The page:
(Shapiro, 2006). According to Shapiro, (2006) Overseas investment by U. S firms U. S investment by foreign firms are in the hundreds of billions each year. The stock of foreign direct investment by U. S companies reached $2. 07 trillion in 2003 while direct investment by foreign companies in the united states exceeded $1. 55 trillion that year. The influence of MNCs is also present in the UK, this is in part due to the prevalence of Foreign MNCs in Britain where the stock of inward foreign direct investment (FDI) as a proportion of GDP is greater than in
any other large western economy (Dunning, 1993 cited in Edwards, 1998). Employment in foreign owed firms in UK has risen steadily, especially in manufacturing since the 1970’s and in service in the last decade. (Marginson, 1994 cited in Edward’s 1998). 6 Reasons for Investing Abroad, Becoming MNC’s. Barlett and Ghoshal (1989) identify three leverage points that can be gained through different types of internationalization. These are efficiency resulting from performing specific activities at the right scale in the rights place, market access or customer responsiveness that often requires localization of some production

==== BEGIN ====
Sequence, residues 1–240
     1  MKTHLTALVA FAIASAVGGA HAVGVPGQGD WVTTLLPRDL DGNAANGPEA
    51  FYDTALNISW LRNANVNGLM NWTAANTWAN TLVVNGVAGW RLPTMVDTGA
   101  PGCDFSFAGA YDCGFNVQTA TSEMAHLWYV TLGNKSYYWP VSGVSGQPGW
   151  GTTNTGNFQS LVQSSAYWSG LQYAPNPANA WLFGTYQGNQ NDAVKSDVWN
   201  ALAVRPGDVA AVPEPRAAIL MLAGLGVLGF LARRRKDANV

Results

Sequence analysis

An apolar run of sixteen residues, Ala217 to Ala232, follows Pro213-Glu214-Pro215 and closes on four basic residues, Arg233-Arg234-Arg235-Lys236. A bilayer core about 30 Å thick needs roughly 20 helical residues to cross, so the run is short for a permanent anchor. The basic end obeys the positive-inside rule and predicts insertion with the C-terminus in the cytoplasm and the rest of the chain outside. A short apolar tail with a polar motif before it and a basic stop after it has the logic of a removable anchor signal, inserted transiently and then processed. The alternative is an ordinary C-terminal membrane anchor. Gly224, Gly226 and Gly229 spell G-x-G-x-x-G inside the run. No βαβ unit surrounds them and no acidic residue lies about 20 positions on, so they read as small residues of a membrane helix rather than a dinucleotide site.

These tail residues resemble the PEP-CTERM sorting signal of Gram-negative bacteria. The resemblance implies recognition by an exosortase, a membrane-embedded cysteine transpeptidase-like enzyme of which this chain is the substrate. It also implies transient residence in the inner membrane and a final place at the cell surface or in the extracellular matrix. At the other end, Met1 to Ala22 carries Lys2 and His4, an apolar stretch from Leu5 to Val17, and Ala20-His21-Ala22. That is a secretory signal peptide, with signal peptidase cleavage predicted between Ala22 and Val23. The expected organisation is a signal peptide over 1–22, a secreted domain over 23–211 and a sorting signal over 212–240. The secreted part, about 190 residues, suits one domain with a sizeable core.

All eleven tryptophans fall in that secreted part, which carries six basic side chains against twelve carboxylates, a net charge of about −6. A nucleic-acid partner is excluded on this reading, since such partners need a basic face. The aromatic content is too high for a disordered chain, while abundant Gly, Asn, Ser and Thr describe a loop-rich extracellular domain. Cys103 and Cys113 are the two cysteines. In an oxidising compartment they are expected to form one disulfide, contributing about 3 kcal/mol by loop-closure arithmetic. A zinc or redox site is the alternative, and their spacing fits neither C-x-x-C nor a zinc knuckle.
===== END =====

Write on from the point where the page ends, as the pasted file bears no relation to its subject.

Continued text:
or service dimensions and learning/knowledge leverage. A key element of their argument is that different organization forms are particularly well adapted to one or another of these dimensions of performance, but that addressing all three is extremely difficult. The traditional European multinational, they argue, was extremely good at responding to varying needs, while the Japanese firm of the 1980s did extremely well in terms of efficiency. One motivation for firms to internationalize is the desire to secure a stable source of raw material. (Tony Edwards, 1998: 45).
Most firms want to take direct control over the production of raw materials in order to absorb profit margins. Not just raw materials firms want to have access to,firms want to have access to cheap labour. Hollinshead et al , (1999), recognized Gherman and Allen (1984) and Barrrell and Pain (1997), reasons why companies decide to establish their own manufacturing or extraction units in foreign countries: 1. Local governments prefer to have the MNC’s invest in their counties rather than export to them. Their are benefit in terms of local employment and an outflow of foreign currency can be avoided, resulting in a better trade balance for the host country.
Within MNC’s local managements prefer the parent company to set up a manufacturing plant in the host country because this makes the subsidiary more important within the group and at the same time facilitate relations with the host country. 3. The role played by knowledge-based firm specific assets. This term refers to assets such as managerial or marketing skills or reputation and process or product innovations that are firm specific and may be panted. Dunning (1993), examine different kinds of foreign production MNCs companies undertake.